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I too have had no problem with either the Pentax or off-brand, though I think I threw away the off-brand adapter after getting annoyed with it.

If you remove that spring, which can be handy, be careful that the lens doesn't slip off the body! There wil be nothing holding it into place, no locking mechanism, so a quarter turn will undo it. Some then go further and drill a hole for the locking pin to fit, in the flange of the lens mount. But I never bothered.

04-21-2010, 09:03 AM   #9
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QuoteOriginally posted by rparmar Quote
I too have had no problem with either the Pentax or off-brand, though I think I threw away the off-brand adapter after getting annoyed with it.

If you remove that spring, which can be handy, be careful that the lens doesn't slip off the body! There wil be nothing holding it into place, no locking mechanism, so a quarter turn will undo it. Some then go further and drill a hole for the locking pin to fit, in the flange of the lens mount. But I never bothered.
Agreed. The reason I suggested 86ing the spring is that it takes some finesse and getting use to to remove the adapter. Many of these adapters come with 'keys' that are supposed to easily remove it. What I found with the first one I tried, I damn near ruined the lens mount of the camera. I now use a tweezer (forecept, pickup) to depress the spring on the adapters that still have them.

The lens does fit down quite tight to the body with the proper adapter so you do have to make sure it's on right. Some adapters fit more snugly than others and some are downright impossible (which is why I suggest the genuine article). The spring is more of a safety feature and you are right, care should be taken if the spring is removed.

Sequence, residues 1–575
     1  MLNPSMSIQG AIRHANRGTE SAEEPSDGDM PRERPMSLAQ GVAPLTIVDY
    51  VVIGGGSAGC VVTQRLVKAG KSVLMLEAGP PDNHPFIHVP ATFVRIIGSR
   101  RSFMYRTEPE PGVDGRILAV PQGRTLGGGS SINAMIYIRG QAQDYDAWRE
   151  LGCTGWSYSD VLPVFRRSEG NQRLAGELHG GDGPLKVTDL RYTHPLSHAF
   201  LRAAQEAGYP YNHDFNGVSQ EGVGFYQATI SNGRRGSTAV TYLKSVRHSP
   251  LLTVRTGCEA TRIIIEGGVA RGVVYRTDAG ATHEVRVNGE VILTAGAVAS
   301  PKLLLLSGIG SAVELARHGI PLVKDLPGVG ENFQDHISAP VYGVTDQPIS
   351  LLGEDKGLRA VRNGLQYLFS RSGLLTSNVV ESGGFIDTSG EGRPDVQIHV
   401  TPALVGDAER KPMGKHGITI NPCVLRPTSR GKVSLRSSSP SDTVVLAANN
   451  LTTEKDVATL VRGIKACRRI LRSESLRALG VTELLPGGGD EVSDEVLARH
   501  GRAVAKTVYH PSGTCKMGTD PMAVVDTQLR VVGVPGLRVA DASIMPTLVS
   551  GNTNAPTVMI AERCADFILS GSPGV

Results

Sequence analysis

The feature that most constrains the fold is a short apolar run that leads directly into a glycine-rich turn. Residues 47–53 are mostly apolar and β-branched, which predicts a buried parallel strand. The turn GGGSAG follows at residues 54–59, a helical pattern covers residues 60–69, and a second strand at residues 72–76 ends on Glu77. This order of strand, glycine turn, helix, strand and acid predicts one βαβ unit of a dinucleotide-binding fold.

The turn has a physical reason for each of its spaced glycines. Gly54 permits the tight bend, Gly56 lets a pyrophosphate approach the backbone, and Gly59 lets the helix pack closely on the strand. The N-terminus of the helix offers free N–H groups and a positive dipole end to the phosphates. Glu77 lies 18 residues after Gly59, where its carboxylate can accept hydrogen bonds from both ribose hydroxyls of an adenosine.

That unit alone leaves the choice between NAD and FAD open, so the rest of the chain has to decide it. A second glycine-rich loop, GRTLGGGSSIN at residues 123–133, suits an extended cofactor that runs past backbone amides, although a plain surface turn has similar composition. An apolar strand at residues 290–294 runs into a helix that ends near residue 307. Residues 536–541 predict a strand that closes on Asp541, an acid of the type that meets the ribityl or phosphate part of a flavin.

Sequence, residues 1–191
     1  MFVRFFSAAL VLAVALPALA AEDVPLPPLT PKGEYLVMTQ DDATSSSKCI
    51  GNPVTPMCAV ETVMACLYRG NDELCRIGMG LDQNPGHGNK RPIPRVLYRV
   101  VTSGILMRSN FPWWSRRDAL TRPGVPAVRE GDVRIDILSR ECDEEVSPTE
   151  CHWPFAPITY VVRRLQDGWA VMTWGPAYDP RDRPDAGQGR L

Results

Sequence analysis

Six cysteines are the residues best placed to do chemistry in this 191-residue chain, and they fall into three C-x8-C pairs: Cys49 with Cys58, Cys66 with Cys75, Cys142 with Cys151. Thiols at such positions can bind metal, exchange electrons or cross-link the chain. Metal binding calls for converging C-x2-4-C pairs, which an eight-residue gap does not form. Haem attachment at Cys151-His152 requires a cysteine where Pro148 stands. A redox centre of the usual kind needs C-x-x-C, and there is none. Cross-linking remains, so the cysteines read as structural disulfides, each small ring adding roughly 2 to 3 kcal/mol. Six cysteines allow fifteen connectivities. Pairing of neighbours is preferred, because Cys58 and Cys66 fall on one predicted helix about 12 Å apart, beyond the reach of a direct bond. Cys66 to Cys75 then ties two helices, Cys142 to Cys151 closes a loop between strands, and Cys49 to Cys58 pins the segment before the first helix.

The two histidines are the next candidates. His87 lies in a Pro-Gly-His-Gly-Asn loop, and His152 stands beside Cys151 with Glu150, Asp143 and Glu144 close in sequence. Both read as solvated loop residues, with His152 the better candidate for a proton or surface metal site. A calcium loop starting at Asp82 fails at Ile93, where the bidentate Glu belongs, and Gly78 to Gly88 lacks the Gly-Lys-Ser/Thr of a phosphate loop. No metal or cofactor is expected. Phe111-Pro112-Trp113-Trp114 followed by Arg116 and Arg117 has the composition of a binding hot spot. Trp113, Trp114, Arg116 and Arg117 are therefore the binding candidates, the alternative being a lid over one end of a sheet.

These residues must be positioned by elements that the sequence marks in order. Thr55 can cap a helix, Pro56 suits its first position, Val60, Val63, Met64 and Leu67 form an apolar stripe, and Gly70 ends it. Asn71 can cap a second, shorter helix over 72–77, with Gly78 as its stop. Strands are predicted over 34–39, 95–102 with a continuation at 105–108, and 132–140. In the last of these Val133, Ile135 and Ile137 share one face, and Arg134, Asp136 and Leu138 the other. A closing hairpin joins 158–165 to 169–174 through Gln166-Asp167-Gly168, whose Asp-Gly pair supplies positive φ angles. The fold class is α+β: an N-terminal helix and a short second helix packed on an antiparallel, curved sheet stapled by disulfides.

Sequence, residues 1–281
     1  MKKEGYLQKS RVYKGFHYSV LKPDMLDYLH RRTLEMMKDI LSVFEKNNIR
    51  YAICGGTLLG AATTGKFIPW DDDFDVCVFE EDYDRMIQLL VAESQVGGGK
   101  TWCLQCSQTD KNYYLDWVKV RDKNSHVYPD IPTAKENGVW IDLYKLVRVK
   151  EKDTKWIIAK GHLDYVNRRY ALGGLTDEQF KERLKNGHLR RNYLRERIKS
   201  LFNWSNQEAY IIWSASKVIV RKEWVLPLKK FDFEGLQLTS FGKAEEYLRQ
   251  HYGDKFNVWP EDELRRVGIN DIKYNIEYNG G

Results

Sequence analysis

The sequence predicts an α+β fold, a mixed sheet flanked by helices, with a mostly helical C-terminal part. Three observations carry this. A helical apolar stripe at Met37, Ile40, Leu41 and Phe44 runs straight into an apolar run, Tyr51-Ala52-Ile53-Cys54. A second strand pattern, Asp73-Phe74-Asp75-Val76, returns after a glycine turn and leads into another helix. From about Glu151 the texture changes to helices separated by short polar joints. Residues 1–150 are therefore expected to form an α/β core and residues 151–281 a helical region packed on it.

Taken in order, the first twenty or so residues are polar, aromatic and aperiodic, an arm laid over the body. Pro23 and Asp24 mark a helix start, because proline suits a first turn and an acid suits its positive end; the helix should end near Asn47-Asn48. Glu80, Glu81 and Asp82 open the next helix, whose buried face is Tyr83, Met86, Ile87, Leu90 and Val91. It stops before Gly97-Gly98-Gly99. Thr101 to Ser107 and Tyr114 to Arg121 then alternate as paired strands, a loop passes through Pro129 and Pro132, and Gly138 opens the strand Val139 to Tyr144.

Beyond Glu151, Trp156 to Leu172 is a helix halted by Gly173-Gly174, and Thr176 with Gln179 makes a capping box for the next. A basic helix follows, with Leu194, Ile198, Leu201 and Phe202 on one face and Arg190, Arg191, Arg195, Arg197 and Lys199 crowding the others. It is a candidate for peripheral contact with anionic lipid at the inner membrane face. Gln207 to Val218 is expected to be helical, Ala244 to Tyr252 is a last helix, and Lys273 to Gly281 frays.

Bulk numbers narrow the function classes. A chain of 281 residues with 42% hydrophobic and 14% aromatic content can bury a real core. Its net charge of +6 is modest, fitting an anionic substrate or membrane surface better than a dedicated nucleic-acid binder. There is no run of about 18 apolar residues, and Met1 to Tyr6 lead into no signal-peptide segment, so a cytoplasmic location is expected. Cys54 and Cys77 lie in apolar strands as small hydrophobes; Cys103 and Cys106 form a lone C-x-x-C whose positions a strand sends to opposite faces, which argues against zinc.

04-24-2010, 06:42 AM   #10
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I have both a Pentax and some other brand, both inherited. They are as good as each other, there are two problems with both of them, they have a tendency to leave themselves in the camera body and they move about 15 degrees on the camera. The movement does not seem to make much difference to photo quality but its a little annoying. I have been useing them on my K7 and ist*D with no worries about the shorting.

James
04-24-2010, 06:45 AM   #11
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Yeah, the old lenses are great. It is the ones with SDM. Oh god.
04-24-2010, 03:08 PM   #12
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The ones to avoid are the ones with a large flange that sits outside the camera body and prevents infinity focus.

I've removed the spring on my third-party adapter. Friction seems to be more than enough to keep the lens on the camera. I have never had even a hint that the lens was about to come loose and fall off the camera.

Some people have gone so far as to drill a hole or slot in the base of their M42 lenses, to accomodate the lens lock pin on the camera. I have not gone that far. IMHO, it is not necessary.
04-25-2010, 11:14 PM   #13
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I have the genuine pentax M ring adapter. At first I found it very tedious to unwind the lens and then have to click the spring to remove the ring from the camera. Contemplated removing the spring so the ring would stay with the lens. In the end I have just got used to it and have found the spring opens easily with a thumb nail. No problem. Does not need a "special tool". I had not considered the lens simply falling off the camera with the spring removed. Glad I didn't "adapt" it.